How do I tell the farmer’s story to the larger audience?
Since 2005 I create and present the TV-program “Farmer Wants a Wife” for the public broadcasting station: a program about the love life on the countryside, about people that vulnerable as they search for a partner for life. Now, fifteen years later countless marriages have been performed and over 80 babies were born. Not only the love lives, but also the viewing figures are a great success. With a market share of around 50% and an average of three million viewers, very few programmes on Dutch television perform better.
Coming from a farmers family, I have long felt the urge to not only tell the love story of the country side but address the real life that farmers face. In the past 15 years while visiting farmhouses, I witnessed the tough battle that many farmers fight. How they struggle for survival in a world which is drenched in complex rules and regulations. How they are forced to make huge investments without knowing whether these will still meet the requirements after a period of ten years. How they need to deal with animal activists that secretly occupy their stables and with a farmers community that is internally divided about the most preferred way of farming.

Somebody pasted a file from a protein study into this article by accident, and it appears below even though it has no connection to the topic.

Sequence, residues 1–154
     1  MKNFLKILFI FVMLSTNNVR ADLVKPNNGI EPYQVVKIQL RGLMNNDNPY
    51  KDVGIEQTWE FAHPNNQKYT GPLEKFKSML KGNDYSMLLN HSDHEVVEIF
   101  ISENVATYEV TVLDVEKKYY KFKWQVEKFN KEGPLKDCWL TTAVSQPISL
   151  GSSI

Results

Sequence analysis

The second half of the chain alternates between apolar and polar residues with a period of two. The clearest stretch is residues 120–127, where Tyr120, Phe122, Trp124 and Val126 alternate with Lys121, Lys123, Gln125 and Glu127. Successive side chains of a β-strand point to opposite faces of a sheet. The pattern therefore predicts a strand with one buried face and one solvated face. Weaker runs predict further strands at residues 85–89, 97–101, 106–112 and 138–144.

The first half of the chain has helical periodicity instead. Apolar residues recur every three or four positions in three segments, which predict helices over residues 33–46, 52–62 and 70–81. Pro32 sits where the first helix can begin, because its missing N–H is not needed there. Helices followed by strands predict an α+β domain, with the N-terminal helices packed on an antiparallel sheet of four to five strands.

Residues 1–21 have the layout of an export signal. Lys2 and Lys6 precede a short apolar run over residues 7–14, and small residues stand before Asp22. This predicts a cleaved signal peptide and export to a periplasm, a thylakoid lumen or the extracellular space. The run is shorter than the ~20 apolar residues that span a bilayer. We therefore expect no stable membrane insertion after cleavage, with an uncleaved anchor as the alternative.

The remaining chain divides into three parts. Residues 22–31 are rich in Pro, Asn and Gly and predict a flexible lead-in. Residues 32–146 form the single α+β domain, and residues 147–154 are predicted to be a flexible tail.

I was looking for a way to create a TV-programme that, on the one hand, has high entertainment value, thereby drawing the same large audiences that also traditionally view the popular programme Farmer Wants a Wife. On the other hand, I wanted the new programme to address technical knowledge, farmers trade-offs, controversial issues such as animal welfare and the mutual link between nature and agriculture. I want the programme to be triggering a nuanced discussion about where our food comes from, based on facts instead of opinions.
To find inspiration about the new TV-format, I travelled to several continents around the world. I’ll give you an overall impression of my findings, of course this does not do justice to all the people that I have visited in each country.
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Encouraging and Supporting Black and People of Colour in AgricultureDr Navaratnam Partheeban OBE
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